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A Vernacular of Uncertainty

This book is the black and white print version of a full color Kindle book based on research conducted at the University of California, Berkeley. Its long delayed publication mirrors a concern for the security of the builders and vendors seen in the hundreds of photographs of informal settlements included in its pages.

Often thought of as squatters, the photographs are of houses assembled by untutored builders on land that others feel they have no right to occupy.
The objective of the research was to document the work of these builders and the methods used to complete their constructions.

The conclusions drawn from the research propose that what we see as a seemingly chaotic dwelling actually embodies a continuously evolving approach to house-form. In this, physical form was found to be sculpted by indeterminate events, endured in a marginal existence, and resolved according to basic human instincts for shelter and survival.

Important is that these houses were built in places where style and design had no meaning. Instead, construction began with the hands-on challenge of piecing together a physical form that could provide immediate protection. For these builders, a homebuilt house was the focus of an informal process that gave life purpose in its making, sustaining not only an unregulated spirit and resilience, but a sense of pride in a visible expression of autonomy and self-determination.

In many ways, the process closely paralleled the evolution of prehistoric shelter as a protective space that allows its occupants to remain in place for an extended period of time. In more recent times, land became real estate and shelter became property, shifting values with codes and zoning laws that promoted market interests in a larger formal economy.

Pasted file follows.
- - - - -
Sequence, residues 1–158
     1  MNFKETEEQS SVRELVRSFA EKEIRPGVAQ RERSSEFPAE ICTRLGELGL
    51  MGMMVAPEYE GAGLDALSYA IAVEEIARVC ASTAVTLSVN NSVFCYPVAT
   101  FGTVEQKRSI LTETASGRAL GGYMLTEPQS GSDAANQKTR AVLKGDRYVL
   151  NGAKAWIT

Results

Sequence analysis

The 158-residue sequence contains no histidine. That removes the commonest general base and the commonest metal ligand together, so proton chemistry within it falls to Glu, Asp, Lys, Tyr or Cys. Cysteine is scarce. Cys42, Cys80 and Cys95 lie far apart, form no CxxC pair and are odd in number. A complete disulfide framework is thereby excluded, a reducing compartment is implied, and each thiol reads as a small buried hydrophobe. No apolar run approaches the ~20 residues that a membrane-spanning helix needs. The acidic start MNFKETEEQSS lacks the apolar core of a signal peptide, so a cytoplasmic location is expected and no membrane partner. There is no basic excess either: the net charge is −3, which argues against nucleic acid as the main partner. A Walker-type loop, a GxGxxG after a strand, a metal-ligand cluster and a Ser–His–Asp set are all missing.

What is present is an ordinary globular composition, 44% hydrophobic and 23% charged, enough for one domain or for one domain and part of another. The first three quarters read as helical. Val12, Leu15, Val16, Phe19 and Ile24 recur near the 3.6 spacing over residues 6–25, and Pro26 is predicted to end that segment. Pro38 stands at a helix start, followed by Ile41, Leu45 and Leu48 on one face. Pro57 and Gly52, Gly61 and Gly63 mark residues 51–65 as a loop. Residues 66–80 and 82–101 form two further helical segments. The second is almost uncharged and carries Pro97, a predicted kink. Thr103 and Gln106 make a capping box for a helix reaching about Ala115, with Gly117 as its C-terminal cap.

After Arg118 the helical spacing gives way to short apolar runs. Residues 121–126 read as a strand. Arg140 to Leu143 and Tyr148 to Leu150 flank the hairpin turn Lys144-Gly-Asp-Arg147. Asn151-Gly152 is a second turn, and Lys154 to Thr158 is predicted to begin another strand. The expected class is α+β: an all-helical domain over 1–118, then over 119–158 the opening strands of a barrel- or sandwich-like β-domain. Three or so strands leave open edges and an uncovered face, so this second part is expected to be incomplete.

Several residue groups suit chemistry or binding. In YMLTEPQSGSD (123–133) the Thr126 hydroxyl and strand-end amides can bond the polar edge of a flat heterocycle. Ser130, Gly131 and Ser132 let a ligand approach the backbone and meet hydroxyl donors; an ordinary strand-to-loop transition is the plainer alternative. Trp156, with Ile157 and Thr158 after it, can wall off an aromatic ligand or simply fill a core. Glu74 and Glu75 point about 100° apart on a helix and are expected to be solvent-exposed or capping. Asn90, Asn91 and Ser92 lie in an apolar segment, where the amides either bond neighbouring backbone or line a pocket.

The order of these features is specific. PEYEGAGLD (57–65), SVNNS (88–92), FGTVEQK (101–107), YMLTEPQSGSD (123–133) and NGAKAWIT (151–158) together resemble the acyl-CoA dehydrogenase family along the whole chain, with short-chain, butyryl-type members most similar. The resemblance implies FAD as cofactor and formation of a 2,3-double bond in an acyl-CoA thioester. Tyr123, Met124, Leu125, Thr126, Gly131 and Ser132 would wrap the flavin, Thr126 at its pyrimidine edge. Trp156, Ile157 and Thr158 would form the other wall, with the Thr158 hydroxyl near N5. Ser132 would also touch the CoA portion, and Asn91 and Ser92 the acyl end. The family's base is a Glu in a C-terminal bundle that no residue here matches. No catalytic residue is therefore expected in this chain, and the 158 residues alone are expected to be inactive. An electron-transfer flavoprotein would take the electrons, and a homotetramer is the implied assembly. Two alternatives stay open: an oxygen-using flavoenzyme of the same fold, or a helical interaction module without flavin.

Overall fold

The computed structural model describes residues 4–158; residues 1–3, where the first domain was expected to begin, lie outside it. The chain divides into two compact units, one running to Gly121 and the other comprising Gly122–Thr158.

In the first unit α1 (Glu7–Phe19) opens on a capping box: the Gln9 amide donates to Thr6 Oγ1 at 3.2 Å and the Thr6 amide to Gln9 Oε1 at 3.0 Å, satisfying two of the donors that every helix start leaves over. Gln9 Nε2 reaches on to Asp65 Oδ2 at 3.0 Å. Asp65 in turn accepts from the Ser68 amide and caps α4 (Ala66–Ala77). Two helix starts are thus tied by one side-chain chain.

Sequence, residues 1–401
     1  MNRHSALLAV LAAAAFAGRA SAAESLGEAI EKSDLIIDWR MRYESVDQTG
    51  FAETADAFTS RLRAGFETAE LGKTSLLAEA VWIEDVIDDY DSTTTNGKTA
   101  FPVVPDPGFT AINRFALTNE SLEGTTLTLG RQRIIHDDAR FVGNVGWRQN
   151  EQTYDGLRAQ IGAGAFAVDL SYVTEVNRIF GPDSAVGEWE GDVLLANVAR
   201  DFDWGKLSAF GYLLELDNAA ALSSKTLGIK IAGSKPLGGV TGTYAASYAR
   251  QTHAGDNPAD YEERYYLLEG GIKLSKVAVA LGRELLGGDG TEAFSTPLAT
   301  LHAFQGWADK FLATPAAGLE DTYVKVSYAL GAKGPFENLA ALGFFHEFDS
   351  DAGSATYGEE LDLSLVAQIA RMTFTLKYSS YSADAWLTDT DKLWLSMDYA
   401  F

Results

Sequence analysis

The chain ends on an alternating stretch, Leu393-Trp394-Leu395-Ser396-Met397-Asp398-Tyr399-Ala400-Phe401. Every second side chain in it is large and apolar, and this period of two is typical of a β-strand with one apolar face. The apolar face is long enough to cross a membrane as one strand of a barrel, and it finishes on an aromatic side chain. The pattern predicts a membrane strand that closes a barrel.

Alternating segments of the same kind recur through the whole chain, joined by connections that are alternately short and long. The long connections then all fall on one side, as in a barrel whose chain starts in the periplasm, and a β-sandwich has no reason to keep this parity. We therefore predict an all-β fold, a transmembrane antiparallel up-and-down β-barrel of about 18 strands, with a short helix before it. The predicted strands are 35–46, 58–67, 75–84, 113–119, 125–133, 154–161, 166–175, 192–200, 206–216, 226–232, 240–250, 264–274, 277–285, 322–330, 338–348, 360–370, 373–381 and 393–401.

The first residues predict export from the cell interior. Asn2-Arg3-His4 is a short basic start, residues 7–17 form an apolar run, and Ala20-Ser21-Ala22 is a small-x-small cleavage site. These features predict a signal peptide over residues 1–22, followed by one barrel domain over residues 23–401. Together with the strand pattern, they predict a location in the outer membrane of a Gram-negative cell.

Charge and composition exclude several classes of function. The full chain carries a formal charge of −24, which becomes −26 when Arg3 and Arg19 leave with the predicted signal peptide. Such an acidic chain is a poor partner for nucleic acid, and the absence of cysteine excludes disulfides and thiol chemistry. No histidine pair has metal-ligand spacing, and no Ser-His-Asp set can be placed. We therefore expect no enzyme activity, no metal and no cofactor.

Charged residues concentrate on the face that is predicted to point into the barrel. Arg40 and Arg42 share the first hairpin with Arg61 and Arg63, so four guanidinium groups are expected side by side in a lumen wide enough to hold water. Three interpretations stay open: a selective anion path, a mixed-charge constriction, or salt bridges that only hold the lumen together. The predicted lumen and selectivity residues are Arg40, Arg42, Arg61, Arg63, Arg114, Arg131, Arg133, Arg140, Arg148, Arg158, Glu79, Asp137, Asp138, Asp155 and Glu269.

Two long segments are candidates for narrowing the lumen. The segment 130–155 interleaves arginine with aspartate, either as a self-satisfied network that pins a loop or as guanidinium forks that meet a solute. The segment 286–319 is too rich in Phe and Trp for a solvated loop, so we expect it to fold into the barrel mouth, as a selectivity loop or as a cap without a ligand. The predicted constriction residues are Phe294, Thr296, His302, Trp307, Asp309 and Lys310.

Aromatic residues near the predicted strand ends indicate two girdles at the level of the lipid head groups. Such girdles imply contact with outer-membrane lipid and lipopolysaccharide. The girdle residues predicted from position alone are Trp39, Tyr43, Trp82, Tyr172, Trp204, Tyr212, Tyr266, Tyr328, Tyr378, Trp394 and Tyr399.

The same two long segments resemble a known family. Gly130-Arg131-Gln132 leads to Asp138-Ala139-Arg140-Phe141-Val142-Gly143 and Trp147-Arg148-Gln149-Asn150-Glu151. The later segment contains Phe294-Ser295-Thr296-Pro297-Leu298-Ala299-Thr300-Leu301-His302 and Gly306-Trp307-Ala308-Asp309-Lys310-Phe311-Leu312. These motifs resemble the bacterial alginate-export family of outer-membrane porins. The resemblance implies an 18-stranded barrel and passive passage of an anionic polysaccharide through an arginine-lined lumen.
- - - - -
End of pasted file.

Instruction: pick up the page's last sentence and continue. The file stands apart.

At the same time, in those regions unable to control growth, marginalized people were forced to circumvent bureaucratic inefficiencies and formal market systems that sustained these formalities by creating informal exchanges.

Field studies revealed that in these unregulated transactions, building materials and service suppliers were found to be actively supporting informal homebuilders. In an informal construction market, values were adjusted according to a slow strategic process where unknown events, random tools, and unpredictable materials became form givers.

Pieced based computer animations illustrated the tactical nature of dwellings slowly assembled on invaded land already occupied as a home. Without a plan and with no way to predict what the next step might be in their constructions, small and simple shelters were seen on a timeline to evolve almost imperceptibly according to an intuitive approach to survival in a very uncertain world.

The results are the distinctly disordered characteristics of the vernacular seen in the photographs in this book, features that are a direct reflection of an underlying culture of uncertainty. This is a house-form that begins by ignoring any preconception of style or design, anticipating shape and purpose only as it is defined by a material held in hand, pieced together strategically without a plan or schedule.

As such, every dwelling is a tentative solution to a continuously evolving physical form. It’s only in the last stages of its construction that house-form matures to display the sense of security evident in more permanent or decorative features. With luck and time, informal values and an indeterminate sense of order come to visually represent a confidence that can only come from the certainty of a tenured landholder.

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